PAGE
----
To understand who we are and why we are, we need to understand both modern humans and the ancestral stages that brought us to this point. The core to that story has been the role of evolving cognition -the social brain - in mediating the changes in behaviour that we see in the archaeological record. This volume brings together two powerful approaches - the social brain hypothesis and the concept of the distributed mind. The volume compares perspectives on these two approaches from a range of disciplines, including archaeology, psychology, philosophy, sociology and the cognitive and evolutionary sciences. A particular focus is on the role that material culture plays as a scaffold for distributed cognition, and how almost three million years of artefact and tool uses provides the data for tracing key changes in areas such as language, technology, kinship, music, social networks and the politics of local, everyday interaction in small-world societies. A second focus is on how, during the course of hominin evolution, increasingly large spatially distributed communities created stresses that threatened social cohesion.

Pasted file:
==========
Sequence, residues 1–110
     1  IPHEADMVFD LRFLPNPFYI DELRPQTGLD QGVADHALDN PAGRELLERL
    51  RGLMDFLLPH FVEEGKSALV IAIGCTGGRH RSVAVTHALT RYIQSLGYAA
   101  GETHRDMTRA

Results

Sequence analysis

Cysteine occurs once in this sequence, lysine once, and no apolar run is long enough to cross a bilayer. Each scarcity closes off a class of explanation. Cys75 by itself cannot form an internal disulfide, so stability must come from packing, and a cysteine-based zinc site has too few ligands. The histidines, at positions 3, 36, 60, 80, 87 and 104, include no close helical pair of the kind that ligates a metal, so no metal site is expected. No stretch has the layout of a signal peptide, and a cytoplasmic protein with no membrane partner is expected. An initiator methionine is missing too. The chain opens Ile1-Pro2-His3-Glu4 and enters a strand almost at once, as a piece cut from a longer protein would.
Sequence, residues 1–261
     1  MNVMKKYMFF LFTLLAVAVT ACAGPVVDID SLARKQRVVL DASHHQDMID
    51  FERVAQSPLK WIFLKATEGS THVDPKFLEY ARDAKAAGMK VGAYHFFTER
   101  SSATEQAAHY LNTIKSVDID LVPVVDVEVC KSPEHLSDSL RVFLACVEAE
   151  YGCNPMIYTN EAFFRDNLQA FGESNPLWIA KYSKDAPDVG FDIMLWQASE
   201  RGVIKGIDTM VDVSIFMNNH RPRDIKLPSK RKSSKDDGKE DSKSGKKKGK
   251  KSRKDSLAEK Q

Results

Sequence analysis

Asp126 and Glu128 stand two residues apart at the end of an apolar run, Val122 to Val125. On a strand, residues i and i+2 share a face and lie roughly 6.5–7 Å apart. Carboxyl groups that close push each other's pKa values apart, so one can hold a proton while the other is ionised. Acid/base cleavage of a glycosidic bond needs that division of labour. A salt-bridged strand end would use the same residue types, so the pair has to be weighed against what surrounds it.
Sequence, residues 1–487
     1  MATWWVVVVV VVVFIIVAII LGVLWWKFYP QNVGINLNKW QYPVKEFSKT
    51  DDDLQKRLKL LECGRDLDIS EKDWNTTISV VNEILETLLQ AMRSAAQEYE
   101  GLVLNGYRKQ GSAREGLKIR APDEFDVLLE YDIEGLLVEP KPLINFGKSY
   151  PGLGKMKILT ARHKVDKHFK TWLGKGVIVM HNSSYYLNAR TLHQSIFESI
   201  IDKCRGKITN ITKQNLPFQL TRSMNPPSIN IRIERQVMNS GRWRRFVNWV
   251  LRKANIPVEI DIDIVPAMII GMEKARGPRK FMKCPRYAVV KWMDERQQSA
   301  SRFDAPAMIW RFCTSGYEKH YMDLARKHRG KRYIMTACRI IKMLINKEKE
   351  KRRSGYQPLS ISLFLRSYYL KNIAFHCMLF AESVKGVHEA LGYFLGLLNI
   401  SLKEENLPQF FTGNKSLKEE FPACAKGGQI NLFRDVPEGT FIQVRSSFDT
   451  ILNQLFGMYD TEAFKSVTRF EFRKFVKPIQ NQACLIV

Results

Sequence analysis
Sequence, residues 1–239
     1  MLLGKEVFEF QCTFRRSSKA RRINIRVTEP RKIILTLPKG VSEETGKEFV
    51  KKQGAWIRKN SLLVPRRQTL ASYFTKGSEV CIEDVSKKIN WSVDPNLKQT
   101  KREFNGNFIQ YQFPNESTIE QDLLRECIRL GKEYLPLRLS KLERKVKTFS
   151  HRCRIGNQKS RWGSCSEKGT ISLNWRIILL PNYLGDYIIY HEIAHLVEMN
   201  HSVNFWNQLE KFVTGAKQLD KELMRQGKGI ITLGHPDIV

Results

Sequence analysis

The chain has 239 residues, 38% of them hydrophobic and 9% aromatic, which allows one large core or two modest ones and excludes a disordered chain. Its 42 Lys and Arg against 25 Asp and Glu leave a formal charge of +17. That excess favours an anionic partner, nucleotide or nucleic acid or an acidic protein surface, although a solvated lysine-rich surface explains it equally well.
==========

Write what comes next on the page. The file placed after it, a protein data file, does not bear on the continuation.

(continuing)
This volume offers the possibility of new insights into the evolution of human cognition and social lives that will further our understanding of the relationship between mind and world.